Pit-stop in Quorn

This post is part of the April 2015 A to Z Challenge. Find the challengers via the Blog Sign-Up or on Twitter using #AtoZChallenge.

You’d be forgiven for not knowing that Quorn exists. These days, this small, sleepy town in rural Australia acts as a gateway to the Flinders Ranges, but it was once a bustling place.

Quorn used to be at the cross-roads of two of Australia’s important railway lines and hotels still line the street opposite the old railway station. The town used to be one of the stops on the Old Ghan Line, the main narrow gauge railway line from Port Augusta to Alice Springs, as well as the Trans-Australian Express from Port Augusta to Kalgoorlie. Everybody travelling north-south or east-west on the railway had to pass through town, Both of these services switched to standard gauge though, completely bypassing Quorn.

Today, a heritage railway, the Pichi Richi Railway, operates between Port Augusta and Quorn, taking tourists through the Pichi Richi Pass.

Quorn is a town in the South Australian bush. It’s not quite Outback yet, but there is no denying that it is a very rural place, with a few residential houses, hotels, a tourist emporium and a pub.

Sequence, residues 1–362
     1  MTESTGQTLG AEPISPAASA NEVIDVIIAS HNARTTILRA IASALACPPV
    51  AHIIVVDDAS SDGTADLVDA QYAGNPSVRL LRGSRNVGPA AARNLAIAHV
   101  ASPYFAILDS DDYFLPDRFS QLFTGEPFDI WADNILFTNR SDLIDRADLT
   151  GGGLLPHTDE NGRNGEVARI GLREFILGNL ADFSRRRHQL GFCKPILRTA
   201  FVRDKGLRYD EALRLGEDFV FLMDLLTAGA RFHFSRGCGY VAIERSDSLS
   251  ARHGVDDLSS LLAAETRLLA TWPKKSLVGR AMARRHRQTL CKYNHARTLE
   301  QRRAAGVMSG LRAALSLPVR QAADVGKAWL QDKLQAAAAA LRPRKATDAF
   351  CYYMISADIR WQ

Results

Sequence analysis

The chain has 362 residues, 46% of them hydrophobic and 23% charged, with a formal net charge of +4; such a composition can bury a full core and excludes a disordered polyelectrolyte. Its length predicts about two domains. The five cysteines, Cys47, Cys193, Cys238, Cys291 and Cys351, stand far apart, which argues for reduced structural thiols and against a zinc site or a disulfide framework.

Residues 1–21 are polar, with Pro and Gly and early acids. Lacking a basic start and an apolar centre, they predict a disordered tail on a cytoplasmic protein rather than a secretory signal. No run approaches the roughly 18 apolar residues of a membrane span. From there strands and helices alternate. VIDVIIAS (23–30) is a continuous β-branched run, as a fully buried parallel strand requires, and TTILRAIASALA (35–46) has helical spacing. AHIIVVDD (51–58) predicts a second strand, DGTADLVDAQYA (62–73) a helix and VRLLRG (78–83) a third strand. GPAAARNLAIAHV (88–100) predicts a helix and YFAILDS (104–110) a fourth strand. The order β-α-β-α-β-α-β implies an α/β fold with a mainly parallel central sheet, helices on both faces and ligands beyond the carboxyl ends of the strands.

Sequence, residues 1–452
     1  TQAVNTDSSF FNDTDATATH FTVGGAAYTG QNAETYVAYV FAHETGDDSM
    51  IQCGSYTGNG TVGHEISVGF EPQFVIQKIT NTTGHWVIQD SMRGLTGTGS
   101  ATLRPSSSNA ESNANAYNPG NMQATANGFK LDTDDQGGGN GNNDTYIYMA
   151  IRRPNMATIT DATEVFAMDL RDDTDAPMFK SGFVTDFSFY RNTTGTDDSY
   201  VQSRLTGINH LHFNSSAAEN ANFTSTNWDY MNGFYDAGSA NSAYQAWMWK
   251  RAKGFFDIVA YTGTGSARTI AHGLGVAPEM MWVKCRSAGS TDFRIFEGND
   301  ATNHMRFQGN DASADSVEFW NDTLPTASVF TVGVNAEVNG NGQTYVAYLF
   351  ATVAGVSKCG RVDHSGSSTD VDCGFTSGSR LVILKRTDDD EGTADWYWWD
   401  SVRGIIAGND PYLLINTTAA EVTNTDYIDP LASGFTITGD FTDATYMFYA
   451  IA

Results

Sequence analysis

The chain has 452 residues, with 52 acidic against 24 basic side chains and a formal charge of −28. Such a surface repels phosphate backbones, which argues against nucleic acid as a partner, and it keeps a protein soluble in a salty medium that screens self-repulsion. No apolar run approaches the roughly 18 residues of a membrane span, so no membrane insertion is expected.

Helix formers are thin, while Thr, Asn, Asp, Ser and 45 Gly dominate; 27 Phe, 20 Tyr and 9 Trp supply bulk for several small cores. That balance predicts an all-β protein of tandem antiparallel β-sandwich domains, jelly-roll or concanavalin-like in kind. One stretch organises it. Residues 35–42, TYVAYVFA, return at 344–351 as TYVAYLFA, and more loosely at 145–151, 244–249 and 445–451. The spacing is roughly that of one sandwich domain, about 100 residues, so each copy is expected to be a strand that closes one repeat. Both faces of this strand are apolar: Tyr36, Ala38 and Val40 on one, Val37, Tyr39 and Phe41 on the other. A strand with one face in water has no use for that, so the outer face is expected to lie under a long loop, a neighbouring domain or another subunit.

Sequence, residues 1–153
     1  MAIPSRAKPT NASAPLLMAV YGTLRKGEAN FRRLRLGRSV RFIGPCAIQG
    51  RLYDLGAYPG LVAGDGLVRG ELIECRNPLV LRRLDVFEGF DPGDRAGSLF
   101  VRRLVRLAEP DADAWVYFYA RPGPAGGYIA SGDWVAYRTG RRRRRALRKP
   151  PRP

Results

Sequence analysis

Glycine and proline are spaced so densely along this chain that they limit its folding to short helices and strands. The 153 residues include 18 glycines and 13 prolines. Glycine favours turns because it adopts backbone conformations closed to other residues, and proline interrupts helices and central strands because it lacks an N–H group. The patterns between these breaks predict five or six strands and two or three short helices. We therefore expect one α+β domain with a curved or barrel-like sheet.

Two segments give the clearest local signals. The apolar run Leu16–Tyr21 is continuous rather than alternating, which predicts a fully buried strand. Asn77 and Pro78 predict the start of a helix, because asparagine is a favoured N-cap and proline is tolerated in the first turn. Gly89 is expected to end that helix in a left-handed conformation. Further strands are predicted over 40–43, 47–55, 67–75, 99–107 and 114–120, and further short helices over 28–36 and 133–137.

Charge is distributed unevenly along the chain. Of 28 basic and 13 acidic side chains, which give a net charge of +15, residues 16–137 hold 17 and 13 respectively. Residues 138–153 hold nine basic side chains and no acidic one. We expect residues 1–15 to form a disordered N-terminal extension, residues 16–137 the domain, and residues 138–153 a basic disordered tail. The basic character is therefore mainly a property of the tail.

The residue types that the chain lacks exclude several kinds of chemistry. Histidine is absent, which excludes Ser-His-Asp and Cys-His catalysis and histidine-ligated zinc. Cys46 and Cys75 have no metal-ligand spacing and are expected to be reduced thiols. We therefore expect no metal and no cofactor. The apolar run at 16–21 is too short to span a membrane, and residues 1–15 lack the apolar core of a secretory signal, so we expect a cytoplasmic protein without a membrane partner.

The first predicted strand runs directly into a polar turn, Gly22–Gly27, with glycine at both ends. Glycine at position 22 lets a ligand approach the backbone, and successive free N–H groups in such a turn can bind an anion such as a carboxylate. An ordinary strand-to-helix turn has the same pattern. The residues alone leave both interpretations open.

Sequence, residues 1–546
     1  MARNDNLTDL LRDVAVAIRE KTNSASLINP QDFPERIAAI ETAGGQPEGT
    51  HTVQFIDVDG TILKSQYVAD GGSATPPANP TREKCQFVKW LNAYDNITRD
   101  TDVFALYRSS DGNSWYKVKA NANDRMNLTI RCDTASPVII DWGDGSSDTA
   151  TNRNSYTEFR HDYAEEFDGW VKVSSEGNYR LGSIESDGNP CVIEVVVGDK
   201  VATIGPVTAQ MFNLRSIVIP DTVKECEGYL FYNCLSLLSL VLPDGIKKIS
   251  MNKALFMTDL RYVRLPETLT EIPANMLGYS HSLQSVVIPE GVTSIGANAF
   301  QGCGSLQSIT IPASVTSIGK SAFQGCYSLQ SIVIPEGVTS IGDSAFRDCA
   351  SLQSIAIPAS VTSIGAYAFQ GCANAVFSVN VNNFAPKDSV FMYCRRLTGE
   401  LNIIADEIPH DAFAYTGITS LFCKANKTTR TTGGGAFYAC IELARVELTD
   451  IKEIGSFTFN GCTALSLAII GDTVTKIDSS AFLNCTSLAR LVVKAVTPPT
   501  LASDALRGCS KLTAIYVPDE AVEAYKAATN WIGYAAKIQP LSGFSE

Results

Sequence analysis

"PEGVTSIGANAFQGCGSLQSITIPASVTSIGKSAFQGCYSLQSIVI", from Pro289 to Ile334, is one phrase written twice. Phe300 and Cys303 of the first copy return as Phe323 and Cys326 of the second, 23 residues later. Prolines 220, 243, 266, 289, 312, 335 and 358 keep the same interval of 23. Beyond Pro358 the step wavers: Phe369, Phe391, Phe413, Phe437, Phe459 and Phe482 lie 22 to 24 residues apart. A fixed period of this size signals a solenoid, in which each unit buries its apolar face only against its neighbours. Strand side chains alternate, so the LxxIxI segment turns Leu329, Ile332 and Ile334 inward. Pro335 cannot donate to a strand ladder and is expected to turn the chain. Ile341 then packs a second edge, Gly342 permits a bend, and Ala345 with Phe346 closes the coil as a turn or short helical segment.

When my overland group and I passed through town on a quick stop to move around a bit and get supplies for the day, somebody jokingly remarked that the place looks eerily like a place out of Australian horror movie Wolf Creek – we later found out that Wolf Creek was actually shot in Quorn.

From Quorn, the Flinders Ranges are easily reached. We made our way north to the Kanyaka Homestead, an old farm dating back to the 1850s and now lying in ruins. Only some of the stone structures are still standing.

Seeing Kanyaka today, sitting on red dust, surrounded by a few gum trees and a small watering hole, as well as a cemetery, it is hard to imagine that this was once a thriving cattle and sheep station and home to 70 families.

Another hour further north, (just south of Hawker), we turned onto a dirt road cul de sac with nothing but a parking lot at the end. From there it takes about an hour to hike out to the Yourambulla Caves. Make sure you wear a hat and that you have water with you!

The access to the caves is via a steep ladder, but the view from the outcrops and platform is amazing. Yourambulla is famous for historic Aboriginal rock paintings, and it’s surprising to see them so easily accessible and unprotected. There’s even a sign that will help you interpret the different drawings. It’s great to see such an important part of Aboriginal life in the Flinders Ranges survive.

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